Teaching is the Hardest Job.

//Teaching is the Hardest Job.

Teaching is the Hardest Job.

  Teaching is an incredibly hard job to get into. Sure you can become a teacher, or an educator, or some other sort of training job title. But it is another thing entirely to become a person who actually teaches people. I find it funny because this just might be the hardest job ever conceived, and yet it is one of the most readily badmouthed. That old line “Those that can do, those that can’t teach.” was either misinterpreted or written by an utter moron.

  To teach a person you must have an array of tools. You must be a fantastic speaker, be able to present your topic clearly and concisely. You must also love your field, passion cannot be simulated and without it you will not inspire your students. Following off that you must be truly charismatic, this is something that is difficult, if not impossible, to learn but those that have it are leaps and bounds ahead of others.

  You can’t just know your subject from a single perspective but you must be able to grasp it from all possible perspectives. Any person can easily ask a question that the answer book can’t answer, a true teacher can not only answer the question but open a new world of thought to that student.

  It doesn’t matter where you are teaching, physical education, music, history, mathematics, chemistry, biology, physics, art, or architecture. These fields and more all require the absolute best humanity has to offer. Every person has likely had a teacher they felt was less than optimal, but I would be hard-pressed to believe that there lives a person that hasn’t been truly touched by a genuine teacher.

  I have had professors of astronomy paint entire universes in my mind with their rhetoric, I’ve had art professors unravel every detail of a painting and further inspire me to look deeper into images I might have otherwise ignored. The ecology of a stream has been laid out before me in such vivid detail that I realized there is an entire world within the world living in small stretches of water. Chemistry showed me that within this world within worlds there is an even deeper world of building blocks. I had my entire understanding of biology torn apart and was enlightened in more ways in a single course than I had been in my entire life while studying dinosaurs and their environment.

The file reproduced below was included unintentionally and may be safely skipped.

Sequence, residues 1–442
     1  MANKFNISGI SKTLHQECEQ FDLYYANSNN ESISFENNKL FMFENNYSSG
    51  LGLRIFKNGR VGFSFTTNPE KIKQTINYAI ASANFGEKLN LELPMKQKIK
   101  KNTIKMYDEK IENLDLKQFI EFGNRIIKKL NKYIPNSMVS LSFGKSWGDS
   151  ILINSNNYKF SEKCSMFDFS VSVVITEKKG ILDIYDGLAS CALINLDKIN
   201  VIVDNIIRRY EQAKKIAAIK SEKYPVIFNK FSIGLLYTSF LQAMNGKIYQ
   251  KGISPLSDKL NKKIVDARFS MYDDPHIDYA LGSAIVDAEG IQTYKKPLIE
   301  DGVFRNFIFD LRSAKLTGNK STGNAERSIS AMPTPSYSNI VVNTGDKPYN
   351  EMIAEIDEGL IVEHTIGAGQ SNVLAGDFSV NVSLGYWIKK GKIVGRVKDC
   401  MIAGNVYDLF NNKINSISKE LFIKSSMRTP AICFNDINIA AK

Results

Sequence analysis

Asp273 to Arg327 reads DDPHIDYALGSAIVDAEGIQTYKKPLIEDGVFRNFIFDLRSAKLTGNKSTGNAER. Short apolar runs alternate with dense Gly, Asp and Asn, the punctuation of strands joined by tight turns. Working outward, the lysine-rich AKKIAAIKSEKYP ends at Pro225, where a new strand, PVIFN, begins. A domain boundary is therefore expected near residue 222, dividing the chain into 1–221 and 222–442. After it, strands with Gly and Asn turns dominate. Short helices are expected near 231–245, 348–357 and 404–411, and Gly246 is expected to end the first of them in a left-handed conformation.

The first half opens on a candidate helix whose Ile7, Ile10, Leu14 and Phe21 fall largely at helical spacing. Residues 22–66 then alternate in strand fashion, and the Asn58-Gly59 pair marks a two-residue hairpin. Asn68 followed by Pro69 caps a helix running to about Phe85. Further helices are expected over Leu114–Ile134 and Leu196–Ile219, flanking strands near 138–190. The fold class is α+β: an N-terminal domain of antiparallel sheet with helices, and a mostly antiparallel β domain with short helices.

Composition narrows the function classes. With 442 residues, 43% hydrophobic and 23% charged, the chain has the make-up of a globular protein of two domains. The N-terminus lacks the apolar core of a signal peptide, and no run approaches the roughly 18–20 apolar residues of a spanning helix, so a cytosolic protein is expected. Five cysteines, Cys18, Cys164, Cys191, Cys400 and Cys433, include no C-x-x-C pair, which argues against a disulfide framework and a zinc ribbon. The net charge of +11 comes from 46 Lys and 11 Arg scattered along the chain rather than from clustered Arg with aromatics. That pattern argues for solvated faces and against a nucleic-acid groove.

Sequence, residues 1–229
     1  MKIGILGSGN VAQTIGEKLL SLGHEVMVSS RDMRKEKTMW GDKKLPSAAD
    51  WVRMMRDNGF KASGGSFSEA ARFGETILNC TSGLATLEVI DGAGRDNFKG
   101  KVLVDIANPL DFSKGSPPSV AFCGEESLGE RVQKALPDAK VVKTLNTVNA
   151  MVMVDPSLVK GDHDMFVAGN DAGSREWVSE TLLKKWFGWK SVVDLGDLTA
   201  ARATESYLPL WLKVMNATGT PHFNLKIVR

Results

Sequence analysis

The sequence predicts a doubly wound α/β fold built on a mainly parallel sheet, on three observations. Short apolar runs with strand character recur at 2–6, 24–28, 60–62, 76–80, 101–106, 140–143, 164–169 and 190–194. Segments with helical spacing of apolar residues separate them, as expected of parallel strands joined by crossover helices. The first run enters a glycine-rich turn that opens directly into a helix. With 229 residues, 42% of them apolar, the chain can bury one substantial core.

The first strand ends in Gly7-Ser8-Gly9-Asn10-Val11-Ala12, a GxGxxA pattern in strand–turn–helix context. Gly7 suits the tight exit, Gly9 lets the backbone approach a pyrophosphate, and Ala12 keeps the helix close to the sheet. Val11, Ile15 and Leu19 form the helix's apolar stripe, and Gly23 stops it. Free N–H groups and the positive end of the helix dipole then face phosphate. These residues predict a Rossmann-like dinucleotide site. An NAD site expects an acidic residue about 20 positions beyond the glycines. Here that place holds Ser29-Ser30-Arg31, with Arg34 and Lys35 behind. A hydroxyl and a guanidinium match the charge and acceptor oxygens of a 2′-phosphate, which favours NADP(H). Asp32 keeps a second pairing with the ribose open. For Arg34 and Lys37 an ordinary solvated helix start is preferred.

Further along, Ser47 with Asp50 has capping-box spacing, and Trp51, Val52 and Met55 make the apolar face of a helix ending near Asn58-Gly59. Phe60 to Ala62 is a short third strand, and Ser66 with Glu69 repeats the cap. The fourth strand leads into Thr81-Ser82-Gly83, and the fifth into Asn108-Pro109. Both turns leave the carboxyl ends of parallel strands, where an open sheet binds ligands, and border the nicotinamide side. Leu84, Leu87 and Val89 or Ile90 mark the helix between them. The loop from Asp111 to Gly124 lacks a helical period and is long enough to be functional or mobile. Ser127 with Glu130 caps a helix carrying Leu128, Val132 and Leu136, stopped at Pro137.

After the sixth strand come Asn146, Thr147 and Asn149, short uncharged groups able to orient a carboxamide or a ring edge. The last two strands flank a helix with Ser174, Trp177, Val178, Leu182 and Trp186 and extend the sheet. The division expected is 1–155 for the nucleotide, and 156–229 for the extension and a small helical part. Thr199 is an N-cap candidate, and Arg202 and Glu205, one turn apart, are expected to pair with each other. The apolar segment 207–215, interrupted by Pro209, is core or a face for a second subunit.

Something as small as Flamingo’s not having backwards knees, that connection that vertebrates share in our bone structure that stretches from edge to edge of the Earth. Something that might come across to some as so trivial, having him show me the similarities between a dinosaur from hundreds of millions of years ago and his Golden Retriever. Such a simple presentation was so utterly profound, because he loved what he did and it seeped into every inch of that college hall.

  I used to like Greek Mythology, it was something I thought was neat, cute perhaps. Then I met the Classical Studies professors at Western and I fell in love with the material. Every story picked apart, every character, every trope, thousands of years of Western Writing all collecting in the past into a point singularity.

  The idea of a language tree, following language to follow the path of humanity across the planet. A new way of discovering the origins of modern humans and their divisions over time. This was presented in Classical Study and was a beautiful complement to the data in History and Biology.

  The Golden Ratio, the relationship of angles, our ability to decipher the chemical composition of a star millions of light years away by shining its light through a prism. Being able to gauge the gravitational force of an object by its mass and distance from other objects.

  All these things, and many more, woven into my own personal tapestry by truly talented people. Hardworking individuals in one of the most unforgiving and critical jobs to ever exist. They are not just earning a paycheck, they are sculpting the very future of humanity.

  This should never be forgotten, the fundamental construct of your own unique being is tied very tightly to the education you received in your youth. We might not remember the words, the faces, or the names, but there is a transaction made between student and teacher that lasts until death.

By | 2012-02-22T10:06:25+00:00 February 21st, 2012|Journal|Comments Off on Teaching is the Hardest Job.